In traditional parent-teacher conferences, “I could see a parent for about a minute and a half, and it really focused on the negative and became a finger-pointing kind of thing,” explains Daniel Wolf, a former teacher who works under the city’s Middle School Quality Initiative, which has helped implement APTT. The model “is not about what a child got wrong on a unit test, but what can we do as a community to move students forward.”
Roughly 500 schools in 22 states have used a version of the model, according to WestEd. Eighteen New York City schools are currently piloting it.
The investment in parent-teacher conferences jibes with school Chancellor Carmen Fariña’s push to set aside more time for after-school engagement, with a focus on parent-teacher meetings.
“Often what we hear from families is, ‘I want to help my child at home but I really don’t know how to do that,’” said Megan Hester, an organizer at the Annenberg Institute for School Reform who works closely with schools and is familiar with the APTT model. “It incorporates a lot of the stuff that’s talked about with parent engagement, but actually puts intention and structure around it.”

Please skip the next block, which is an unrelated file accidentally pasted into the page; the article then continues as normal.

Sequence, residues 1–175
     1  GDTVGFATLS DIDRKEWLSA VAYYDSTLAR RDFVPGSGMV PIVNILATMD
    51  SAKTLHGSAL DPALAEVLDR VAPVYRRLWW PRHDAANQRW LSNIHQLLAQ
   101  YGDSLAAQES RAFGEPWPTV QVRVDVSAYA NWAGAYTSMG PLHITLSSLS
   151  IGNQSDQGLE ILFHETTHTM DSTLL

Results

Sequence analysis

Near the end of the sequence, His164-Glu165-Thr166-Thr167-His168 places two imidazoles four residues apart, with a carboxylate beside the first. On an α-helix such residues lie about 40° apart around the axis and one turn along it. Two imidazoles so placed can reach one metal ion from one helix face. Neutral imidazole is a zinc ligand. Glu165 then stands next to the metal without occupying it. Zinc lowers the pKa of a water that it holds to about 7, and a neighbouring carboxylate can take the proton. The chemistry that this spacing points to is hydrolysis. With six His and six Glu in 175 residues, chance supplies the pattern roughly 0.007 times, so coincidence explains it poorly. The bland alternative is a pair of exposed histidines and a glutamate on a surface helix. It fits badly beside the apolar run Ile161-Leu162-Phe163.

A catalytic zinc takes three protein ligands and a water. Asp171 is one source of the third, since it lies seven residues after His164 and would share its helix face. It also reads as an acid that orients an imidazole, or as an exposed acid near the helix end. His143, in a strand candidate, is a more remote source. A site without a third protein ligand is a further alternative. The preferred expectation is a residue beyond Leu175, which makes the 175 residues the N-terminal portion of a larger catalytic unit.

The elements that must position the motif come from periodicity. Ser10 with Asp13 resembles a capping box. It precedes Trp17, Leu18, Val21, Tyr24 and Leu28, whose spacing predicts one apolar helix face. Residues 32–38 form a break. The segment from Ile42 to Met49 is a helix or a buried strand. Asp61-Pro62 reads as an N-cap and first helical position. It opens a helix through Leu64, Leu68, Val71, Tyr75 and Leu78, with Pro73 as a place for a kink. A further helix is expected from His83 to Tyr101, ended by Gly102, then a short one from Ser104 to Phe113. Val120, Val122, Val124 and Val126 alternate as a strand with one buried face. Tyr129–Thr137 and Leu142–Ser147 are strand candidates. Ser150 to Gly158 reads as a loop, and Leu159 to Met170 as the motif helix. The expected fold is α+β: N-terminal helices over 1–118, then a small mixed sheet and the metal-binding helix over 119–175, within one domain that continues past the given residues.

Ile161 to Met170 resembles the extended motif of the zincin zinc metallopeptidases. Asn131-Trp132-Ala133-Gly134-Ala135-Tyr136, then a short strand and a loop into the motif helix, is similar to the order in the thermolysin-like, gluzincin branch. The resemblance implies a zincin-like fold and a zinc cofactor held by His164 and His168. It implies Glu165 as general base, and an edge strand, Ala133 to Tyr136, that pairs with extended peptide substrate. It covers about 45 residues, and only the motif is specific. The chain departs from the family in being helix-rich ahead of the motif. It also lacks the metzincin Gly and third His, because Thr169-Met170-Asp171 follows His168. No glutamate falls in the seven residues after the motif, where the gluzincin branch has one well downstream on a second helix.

At West Prep Academy—a middle school that serves an outsized share of low-income students compared with its Upper West Side district—the experiment with APTT began this school year.
Parents were invited to three separate 75-minute sessions evenly spaced throughout the school year, typically led by one or more of their student’s teachers. They are given a chance to get to know each other, learn specific methods for talking with their children about schoolwork, and review their children’s progress on math and reading tests together.
Between sessions, parents are expected to bring the strategies developed at the APTT meetings home: Something as simple as asking probing questions about what a child is reading, or playing a game that requires using math concepts like factors and products.
The West Prep Principal Carland Washington said his hopes for APTT don’t center entirely around student achievement. He’s also banking on more parents connecting with the school.
“In a school with low-performing students, and students who come in from low-income situations, we don’t get a lot of parent participation,” Washington said, pointing out that many students have parents who work multiple jobs or have been incarcerated.
At one of his school’s most recent APTT meetings, the desire to build community was on full display. Over sandwiches and chips served up on paper plates, parents settled into the desks typically occupied by their children and were prompted to swap stories about how their kids spend their downtime and their academic strengths and weaknesses.
Hannah Yeats, a teacher at West Prep who co-facilitated the APTT session, shuttled around the room, occasionally encouraging some of the more timid parents to speak up or exchange phone numbers.